Sun, May 18, 2003 - Page 18 News List

Focusing on film policy reform

The government is getting behind Taiwanese filmmakers with a set of new policies to encourage investment and a stand at the Cannes Film Festival

By Yu Sen-lun  /  STAFF REPORTER

Director Lin Cheng-sheng and his actors leave for France and are presented by the GIO with a big white radish, representing good luck. Form left to right, Leon Dai, Yang Kuei-mei, Lin Cheng-sheng, GIO Deputy Director-General Hung Chung-Chuan and Central Motion Picture Corp general manager Chiu Shun-ching.

PHOTO COURTESY CENTRAL MOTION PICTURE CORP

"I don't aim to win awards. I just hope that Taiwanese films can have a wider international market," said filmmaker Lin Cheng-sheng (林正盛), upon leaving for France and the Cannes Film Festival.

Though Lin was being modest, his statement reflects the long-standing problem of Taiwan cinema -- quality, artistic films, but poor commercial performance.

"Our films are often nominated at major international film festivals (Cannes, the Oscars, Venice, Berlin, etc.). We only make around 20 films every year, but these films enter various international festivals and the rate of Taiwan films being nominated, or winning awards, is 47 percent," said the Director of the Department of Motion Picture Affairs (電影處) at the Government Information Office (新聞局, GIO) Peggy Chou (周蓓姬).

Sadly, however, whenever a Taiwanese film wins an award overseas, local cinema proprietors begin to worry if this is another art-house movie with little marketability. According to GIO statistics, Taiwan produces 20 films annually, fewer than most Hollywood studios. The market share for local films is 2.21 percent and some 96 percent of the market is taken by Hollywood blockbuster movies. The rest is comprised of European and Asian films.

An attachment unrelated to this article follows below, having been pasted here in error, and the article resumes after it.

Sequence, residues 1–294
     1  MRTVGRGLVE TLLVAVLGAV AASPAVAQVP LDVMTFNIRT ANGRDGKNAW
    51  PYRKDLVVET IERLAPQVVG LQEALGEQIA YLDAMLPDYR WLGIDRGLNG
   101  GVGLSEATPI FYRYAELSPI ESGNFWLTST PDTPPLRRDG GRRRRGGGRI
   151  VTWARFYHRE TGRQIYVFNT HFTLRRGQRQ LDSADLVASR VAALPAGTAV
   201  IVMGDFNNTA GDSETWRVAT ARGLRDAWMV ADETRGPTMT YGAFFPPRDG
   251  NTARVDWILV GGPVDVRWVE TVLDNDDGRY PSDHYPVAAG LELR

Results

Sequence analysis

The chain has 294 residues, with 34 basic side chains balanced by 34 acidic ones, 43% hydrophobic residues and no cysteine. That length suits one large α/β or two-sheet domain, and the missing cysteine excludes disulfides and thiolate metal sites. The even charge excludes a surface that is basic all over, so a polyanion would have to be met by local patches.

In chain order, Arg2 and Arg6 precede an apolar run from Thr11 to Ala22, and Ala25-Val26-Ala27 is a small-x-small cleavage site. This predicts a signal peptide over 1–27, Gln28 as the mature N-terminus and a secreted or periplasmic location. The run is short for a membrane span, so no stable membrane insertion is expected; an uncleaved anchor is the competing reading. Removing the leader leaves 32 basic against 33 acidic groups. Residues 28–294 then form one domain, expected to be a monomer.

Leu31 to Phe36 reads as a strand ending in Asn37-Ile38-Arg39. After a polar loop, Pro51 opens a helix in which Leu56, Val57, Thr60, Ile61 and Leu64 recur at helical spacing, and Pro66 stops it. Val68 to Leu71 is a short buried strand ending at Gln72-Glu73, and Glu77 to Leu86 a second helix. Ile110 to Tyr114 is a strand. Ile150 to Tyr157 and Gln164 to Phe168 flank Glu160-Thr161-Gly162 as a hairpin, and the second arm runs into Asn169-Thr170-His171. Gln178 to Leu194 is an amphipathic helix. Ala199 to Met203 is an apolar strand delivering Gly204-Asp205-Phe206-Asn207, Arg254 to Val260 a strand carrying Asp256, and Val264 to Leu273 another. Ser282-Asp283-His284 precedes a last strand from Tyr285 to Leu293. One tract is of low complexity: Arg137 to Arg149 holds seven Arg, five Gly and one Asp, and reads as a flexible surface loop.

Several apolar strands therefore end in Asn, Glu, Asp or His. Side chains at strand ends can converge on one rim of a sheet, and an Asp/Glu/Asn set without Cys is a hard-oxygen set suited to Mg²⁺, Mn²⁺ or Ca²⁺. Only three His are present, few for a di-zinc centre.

This has been the case for the past 10 years, but now the GIO is ready to present a remedy for Taiwan's struggling film industry, a set of projects and legal amendments that should give the industry a commercial stimulus, Chou said.

One major step forward is a proposal to amend the Motion Picture Law (電影法), for which the GIO proposes to add a tax-reduction article to encourage investment in films. The amendment will give individuals or enterprises investing in local film an income tax or business tax deduction of up to 20 percent of the budget of the film.

"The film industry is like an engine in the cultural/entertainment business. It can take the lead and help boost industries involved in audio-video products, broadcasting, publishing, fashion, toy manufacturing and tourism," said Hung Chung-chuan (洪瓊娟), deputy director-general of the GIO. "Our role is to build up a good environment and to let money comes pour in to the pool and to stimulate more production."

In the past, one of the main government funding systems for filmmaking was the "Guidance and Assistance Fund for Motion Pictures" (電影輔導金), a cash prize given directly to film directors. A feature-length film, for instance, could be offered up to NT$10 million (US$300,000). But in the past 10 years many filmmakers have used the money to cover the entire budget of the film, leading to low-budget domestic releases.

Partly as a result, the majority of Taiwan films lack a sales and marketing strategy because most of the money has been spent on the film. Hence, Taiwan's reputation for producing good art films but a shaky distribution system.

"Now, by rewarding investors in film, we hope to encourage Taiwan's private sector. But, with the guidance and assistance fund for filmmakers, a means to support creativity will still be in place," Chou said.

The amendment to the Motion Picture Law, however, is just one part of a series of new projects, according to the GIO. There are plans to help fund film marketing, financing and international co-production projects.

Another aim is to increase the marketability of Taiwanese films. At the Cannes Film Festival, Taiwan has for the first time set up a Taiwan Film stand, taking 49 films made in Taiwan from 2001 to 2003 to the Cannes Film Market. There are two pamphlets to introduce the 49 film projects and information on Taiwan's film companies.

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